As a creator or designer building a business in 2016 you know that you can reach your clients by opening an online shop. You also know you can sell to boutiques and concept stores, etc and many clients come to me for this guidance. But are you aware of a fashion marketplace? Where seemingly hundreds upon hundreds of designers are selling their goods straight to consumer?
The Fashion marketplace, in the simplest of ways to describe it, is the online version of a consignment store, WITHOUT the risk of your stuff getting dirty.
I get so upset when I hear of clients who "loaned" their hard earned work to a store only for it to have been used in a fashion show and ripped, stained with lipstick or worse, stolen! So why not give the online fashion marketplace a try?
I mean honestly it’s kind of a winning answer for the startup designer, but which to choose because once you start digging into it, you’ll see the opportunities are endless.
Like everything when you are running your business you want to minimize risk which can turn into extra work and provide few results.
When I hear of larger brands talking of these fashion marketplaces, and learn that Farfetch, the best and brightest of online marketplaces raised $66 million you know this is a trend in retailing to pay attention to.
This review here by Gemma Sole, Co-Founder of fashion marketplace Nineteenth Amendment lists a variety of online marketplaces including those you be familiar with like Etsy to those you may not such as British Wolf & Badger.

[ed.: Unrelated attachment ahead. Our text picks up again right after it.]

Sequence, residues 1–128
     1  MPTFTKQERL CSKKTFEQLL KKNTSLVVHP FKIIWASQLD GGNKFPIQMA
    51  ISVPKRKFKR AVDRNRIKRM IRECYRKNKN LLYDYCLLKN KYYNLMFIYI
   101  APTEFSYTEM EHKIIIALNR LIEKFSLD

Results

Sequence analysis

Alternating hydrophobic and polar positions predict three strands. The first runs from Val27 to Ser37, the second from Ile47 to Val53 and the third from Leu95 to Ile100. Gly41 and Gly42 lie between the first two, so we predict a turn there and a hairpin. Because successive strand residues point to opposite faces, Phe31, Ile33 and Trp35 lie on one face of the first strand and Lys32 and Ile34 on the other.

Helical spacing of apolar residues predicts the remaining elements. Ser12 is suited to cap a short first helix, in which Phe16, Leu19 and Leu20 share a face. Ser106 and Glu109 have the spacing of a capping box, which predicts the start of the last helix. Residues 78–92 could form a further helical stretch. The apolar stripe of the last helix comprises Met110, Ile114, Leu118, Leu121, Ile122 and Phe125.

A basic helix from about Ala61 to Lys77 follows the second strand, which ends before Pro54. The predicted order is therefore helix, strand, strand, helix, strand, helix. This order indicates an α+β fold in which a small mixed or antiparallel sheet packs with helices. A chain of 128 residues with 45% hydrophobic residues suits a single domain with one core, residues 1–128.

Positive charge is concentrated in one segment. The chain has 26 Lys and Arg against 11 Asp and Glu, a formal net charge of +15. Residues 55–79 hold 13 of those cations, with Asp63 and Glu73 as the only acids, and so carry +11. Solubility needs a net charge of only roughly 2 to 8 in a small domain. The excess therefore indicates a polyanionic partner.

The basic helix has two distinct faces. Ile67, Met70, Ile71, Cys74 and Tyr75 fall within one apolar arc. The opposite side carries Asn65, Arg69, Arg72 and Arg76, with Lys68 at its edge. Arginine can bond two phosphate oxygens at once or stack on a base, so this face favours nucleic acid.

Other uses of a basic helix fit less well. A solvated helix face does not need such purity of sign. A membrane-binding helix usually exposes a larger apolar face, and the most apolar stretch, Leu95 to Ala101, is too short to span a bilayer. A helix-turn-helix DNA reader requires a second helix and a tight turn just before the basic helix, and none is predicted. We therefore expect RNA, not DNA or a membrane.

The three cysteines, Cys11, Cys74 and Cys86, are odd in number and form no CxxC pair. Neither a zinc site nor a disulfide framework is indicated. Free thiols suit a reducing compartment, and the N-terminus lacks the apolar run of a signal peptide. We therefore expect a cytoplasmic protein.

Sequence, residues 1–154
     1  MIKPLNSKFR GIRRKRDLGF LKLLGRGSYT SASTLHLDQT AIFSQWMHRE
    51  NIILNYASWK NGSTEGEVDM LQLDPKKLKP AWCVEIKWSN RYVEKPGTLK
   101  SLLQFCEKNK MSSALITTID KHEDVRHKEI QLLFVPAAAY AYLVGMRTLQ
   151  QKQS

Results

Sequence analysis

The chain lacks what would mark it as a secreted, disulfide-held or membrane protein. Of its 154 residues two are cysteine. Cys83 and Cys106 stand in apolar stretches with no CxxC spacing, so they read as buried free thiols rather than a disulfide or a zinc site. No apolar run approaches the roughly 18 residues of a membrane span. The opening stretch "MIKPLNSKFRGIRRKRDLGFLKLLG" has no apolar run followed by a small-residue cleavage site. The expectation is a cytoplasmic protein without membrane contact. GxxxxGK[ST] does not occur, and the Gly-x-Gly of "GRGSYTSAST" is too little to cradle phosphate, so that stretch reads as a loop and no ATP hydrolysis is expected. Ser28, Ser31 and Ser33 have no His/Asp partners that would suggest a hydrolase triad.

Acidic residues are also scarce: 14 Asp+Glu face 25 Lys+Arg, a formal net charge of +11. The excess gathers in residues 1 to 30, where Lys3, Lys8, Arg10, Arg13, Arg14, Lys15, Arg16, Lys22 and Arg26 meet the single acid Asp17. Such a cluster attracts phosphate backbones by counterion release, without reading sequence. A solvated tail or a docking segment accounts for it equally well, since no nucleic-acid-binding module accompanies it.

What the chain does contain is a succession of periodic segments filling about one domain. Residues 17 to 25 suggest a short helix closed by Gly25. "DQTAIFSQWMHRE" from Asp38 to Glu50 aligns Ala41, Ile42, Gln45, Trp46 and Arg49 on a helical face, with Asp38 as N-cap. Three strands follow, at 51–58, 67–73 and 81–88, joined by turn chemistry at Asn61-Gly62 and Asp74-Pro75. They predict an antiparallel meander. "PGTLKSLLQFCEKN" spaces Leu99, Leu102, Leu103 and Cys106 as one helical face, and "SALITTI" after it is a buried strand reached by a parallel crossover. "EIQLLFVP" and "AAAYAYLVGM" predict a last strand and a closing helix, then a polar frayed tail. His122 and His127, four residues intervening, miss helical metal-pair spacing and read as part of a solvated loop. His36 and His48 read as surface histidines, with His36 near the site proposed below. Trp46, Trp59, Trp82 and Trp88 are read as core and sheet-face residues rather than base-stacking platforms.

Farfetch is similar to Shoptiques – in that they both provide local boutiques with a global advantage. Farfetch supports the big luxury style labels as well as fairly established emerging brands and top concept shops / boutiques. They are using their new chunk of change well by investing heavily in new markets with international sites in Brazil, Russia and Asia.
Shoptiques supports the mom and pop style of retailers. They operate in the same way (see below) and they were started by a very enterprising young woman giving customers that boutique experience and owners the marketing power they needed.
Not Just A Label is a marketplace we’ve been supporting for years. First by sharing their competitions to the Parsons students via our blog, and now as their Fashion Business Coach and mentor to the Future of Fashion program winners.
British brand Asos operates a cool online marketplace with Men’s, Women’s and boutiques as well.
So how do these marketplaces work and how can you find the right one for you? And most importantly, why now?
As department stores minimize the risk even more, they are not picking up new brands. That investment and commitment from Barney's is what you need, but it’s a very slim chance that is going to happen right out of the gate. So how most of the online marketplaces work is that you still hold the inventory risk, meaning they are not buying nor housing your garments (you do the shipping and fulfillment) they just take care of the global branding and marketing for you.
Now each company operates differently, so you’ll want to visit them all and decide which is best for you. But the opportunity to reach a global audience with their branding and marketing working for you can be worth the % fee they will take on each order.
Think of that fee as your marketing expense!
I’m curious to hear more from you, which marketplaces have you tried or considered and why? Follow our board on Pinterest and share comments there.